“I feel that like them I can at any moment be put in a situation when there will be no one but me to protect my life, and I won’t get protection or a fair trial afterwards.”

After killing their father in their Moscow apartment on the night of July 27, the Khachaturyan sisters, now aged 18, 19, and 20, called the police. Initially, they said they killed their father in self-defense when he was attacking them.

YEARS OF ABUSE

Later, the investigation found that was not true, but that they had been subject to years of abuse by their father, including systematic beatings and violent sexual abuse, according to investigators’ documents seen by Reuters.

The case has emerged at a time when many Russians believe protections for women abused in the home are being weakened.

The European Court of Human Rights ruled on Tuesday Russia failed to protect another victim of domestic violence – a woman, who was assaulted, kidnapped and stalked by her former partner.

In 2017 Russia decriminalized some forms of domestic violence. Under the new rules, the maximum punishment for someone who beats a member of their own family, causing bleeding or bruising, is a fine, as long as they do not repeat the offense more than once a year.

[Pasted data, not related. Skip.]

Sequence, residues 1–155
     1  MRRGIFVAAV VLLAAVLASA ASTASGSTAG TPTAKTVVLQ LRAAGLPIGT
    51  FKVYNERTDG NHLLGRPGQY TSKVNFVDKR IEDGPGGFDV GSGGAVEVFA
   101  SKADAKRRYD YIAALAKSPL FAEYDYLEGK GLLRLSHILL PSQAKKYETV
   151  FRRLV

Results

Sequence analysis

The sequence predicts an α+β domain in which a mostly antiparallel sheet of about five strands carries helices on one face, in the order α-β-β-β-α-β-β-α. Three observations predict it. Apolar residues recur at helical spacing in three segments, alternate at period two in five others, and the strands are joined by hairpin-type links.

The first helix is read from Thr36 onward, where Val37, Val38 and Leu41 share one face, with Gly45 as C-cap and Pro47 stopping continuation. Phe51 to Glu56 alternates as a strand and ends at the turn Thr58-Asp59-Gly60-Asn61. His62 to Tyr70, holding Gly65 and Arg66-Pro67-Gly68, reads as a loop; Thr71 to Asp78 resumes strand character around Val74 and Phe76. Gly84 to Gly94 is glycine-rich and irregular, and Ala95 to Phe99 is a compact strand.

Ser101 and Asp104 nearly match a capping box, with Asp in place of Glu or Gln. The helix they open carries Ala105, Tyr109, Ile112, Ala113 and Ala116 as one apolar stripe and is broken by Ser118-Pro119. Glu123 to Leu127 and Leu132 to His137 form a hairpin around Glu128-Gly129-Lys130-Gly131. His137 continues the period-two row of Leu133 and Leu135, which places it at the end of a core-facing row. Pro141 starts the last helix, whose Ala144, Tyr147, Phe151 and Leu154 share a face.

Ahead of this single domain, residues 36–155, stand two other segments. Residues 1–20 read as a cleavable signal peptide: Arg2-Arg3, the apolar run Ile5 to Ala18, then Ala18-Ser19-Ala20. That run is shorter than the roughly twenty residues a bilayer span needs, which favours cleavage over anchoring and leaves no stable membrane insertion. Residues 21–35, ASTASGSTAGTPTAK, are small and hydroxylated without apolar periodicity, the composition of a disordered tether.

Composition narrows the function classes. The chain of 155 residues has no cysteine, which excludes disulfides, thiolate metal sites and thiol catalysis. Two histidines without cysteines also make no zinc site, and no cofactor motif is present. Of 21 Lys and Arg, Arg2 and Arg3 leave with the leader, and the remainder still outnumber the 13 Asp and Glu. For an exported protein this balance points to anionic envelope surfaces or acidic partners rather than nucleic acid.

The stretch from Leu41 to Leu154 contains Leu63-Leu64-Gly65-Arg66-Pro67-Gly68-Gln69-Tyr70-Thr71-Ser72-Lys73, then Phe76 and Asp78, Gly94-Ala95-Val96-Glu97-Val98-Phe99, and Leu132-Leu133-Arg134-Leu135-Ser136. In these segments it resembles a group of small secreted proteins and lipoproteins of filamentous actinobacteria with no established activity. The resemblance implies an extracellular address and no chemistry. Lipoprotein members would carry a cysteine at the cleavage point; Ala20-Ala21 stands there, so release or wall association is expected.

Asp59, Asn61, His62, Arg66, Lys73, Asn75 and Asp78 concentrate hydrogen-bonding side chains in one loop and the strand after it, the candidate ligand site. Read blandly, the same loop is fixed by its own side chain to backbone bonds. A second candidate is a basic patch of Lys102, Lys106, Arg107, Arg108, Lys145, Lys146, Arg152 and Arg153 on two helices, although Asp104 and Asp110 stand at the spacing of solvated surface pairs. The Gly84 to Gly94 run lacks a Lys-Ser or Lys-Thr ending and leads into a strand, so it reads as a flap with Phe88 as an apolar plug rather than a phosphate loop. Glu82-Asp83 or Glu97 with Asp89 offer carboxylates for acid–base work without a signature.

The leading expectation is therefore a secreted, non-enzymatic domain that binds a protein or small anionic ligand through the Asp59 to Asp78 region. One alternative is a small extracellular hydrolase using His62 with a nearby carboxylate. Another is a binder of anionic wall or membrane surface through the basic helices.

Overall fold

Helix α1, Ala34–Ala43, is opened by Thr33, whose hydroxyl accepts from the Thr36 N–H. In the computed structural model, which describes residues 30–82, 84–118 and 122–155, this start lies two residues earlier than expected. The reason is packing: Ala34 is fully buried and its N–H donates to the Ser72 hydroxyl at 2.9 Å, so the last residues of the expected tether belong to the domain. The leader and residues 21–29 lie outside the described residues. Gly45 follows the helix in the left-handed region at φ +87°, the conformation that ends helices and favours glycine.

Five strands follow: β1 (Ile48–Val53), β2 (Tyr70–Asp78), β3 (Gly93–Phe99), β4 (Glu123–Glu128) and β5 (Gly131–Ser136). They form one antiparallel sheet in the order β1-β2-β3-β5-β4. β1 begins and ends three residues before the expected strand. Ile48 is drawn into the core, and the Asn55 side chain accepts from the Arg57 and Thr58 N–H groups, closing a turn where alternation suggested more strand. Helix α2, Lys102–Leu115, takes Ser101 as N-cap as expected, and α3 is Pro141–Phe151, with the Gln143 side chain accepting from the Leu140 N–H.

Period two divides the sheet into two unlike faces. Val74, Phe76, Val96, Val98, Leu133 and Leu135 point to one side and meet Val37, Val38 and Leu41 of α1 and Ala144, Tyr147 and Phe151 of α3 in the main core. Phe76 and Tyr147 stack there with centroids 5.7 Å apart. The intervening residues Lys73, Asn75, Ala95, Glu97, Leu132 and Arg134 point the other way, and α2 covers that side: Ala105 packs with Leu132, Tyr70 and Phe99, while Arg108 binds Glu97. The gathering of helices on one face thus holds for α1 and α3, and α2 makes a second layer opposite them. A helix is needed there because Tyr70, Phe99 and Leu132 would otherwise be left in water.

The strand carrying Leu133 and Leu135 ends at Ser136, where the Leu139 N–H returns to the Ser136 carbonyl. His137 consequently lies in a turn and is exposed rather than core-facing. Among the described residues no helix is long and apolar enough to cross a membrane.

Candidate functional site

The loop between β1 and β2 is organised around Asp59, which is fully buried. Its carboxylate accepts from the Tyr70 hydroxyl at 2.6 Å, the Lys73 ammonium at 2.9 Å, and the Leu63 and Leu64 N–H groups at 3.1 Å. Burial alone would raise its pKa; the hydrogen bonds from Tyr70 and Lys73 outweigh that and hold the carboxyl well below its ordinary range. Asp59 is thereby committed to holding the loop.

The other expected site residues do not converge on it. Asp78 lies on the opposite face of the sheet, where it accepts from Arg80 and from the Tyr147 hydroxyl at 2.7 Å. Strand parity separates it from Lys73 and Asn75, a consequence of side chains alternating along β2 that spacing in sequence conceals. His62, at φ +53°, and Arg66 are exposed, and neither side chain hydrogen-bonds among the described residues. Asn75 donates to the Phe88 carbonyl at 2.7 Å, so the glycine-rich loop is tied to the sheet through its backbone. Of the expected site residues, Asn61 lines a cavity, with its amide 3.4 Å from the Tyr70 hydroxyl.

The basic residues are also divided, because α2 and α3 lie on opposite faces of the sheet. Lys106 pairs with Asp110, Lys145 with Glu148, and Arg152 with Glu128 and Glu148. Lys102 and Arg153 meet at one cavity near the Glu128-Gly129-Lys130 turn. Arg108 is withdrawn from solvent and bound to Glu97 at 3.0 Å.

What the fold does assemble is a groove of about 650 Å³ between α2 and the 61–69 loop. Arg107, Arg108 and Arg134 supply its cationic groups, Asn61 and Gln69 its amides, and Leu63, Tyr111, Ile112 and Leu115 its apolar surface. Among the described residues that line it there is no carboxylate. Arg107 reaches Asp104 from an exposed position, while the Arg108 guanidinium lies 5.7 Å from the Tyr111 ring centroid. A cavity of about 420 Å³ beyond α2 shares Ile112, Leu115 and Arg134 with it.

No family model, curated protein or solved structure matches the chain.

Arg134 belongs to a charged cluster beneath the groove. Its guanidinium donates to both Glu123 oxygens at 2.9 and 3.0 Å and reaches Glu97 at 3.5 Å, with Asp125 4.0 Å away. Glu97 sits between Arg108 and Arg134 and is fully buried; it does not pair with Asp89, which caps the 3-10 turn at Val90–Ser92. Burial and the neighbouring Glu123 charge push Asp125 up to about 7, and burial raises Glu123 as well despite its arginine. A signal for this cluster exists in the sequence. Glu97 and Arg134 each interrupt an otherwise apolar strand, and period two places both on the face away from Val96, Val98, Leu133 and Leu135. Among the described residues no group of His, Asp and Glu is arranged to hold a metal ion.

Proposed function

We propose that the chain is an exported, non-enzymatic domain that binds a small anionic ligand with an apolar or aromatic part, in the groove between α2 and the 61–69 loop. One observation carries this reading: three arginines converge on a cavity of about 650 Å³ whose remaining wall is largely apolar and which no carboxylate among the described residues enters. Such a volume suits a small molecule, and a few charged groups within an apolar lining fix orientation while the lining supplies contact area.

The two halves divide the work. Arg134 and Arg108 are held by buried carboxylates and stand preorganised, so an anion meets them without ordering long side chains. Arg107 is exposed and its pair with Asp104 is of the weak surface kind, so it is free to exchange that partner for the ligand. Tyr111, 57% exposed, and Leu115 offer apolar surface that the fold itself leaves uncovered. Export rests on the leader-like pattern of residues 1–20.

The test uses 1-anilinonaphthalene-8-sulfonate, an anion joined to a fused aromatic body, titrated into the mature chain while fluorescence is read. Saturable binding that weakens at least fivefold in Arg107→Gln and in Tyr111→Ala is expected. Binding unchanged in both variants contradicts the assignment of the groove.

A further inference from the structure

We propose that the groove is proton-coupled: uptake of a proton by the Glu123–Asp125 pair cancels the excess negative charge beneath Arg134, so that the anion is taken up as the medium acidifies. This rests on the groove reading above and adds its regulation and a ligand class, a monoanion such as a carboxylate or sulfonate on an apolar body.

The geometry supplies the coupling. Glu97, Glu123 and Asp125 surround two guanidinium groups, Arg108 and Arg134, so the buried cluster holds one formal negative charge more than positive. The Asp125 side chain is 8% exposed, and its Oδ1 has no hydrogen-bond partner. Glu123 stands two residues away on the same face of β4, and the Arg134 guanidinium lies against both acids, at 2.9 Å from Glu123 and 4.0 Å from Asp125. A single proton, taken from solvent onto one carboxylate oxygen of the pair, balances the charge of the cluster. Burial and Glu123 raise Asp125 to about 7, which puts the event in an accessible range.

The sisters’ lawyer, Alexei Parshin, said they were not demanding anonymity as victims of sexual abuse because the allegations about abuse were already in the public domain.

The lawyer said the sisters, at the time of the killing, were suffering post-traumatic stress disorder. He said they considered running away but feared his retribution if they were caught. Their mother and father were separated.

“NOT AN ISOLATED CASE”

Parshin said the girls’ neighbors went to the police several times to report his violence against the sisters, but no criminal prosecution was ever brought against him.

Moscow police and Russia’s Investigative Committee did not immediately reply to Reuters request for comments.

“The situation in which the girls found themselves living with a father for a rapist is familiar and scary,” Alyona Popova, a lawyer and organizer of the petition told Reuters.  

“Many people, not only women but also men in the Russian Federation realize that this is not an isolated case.”

On July 6, activists staged protests in a square in the center of Moscow, holding posters with the tag “I/We are the Khachaturyan sisters”.

“In any civilized country, these girls would be in a psychotherapy clinic… but not in prison, no way,” said one of the protesters, Zara Mkhitaryan.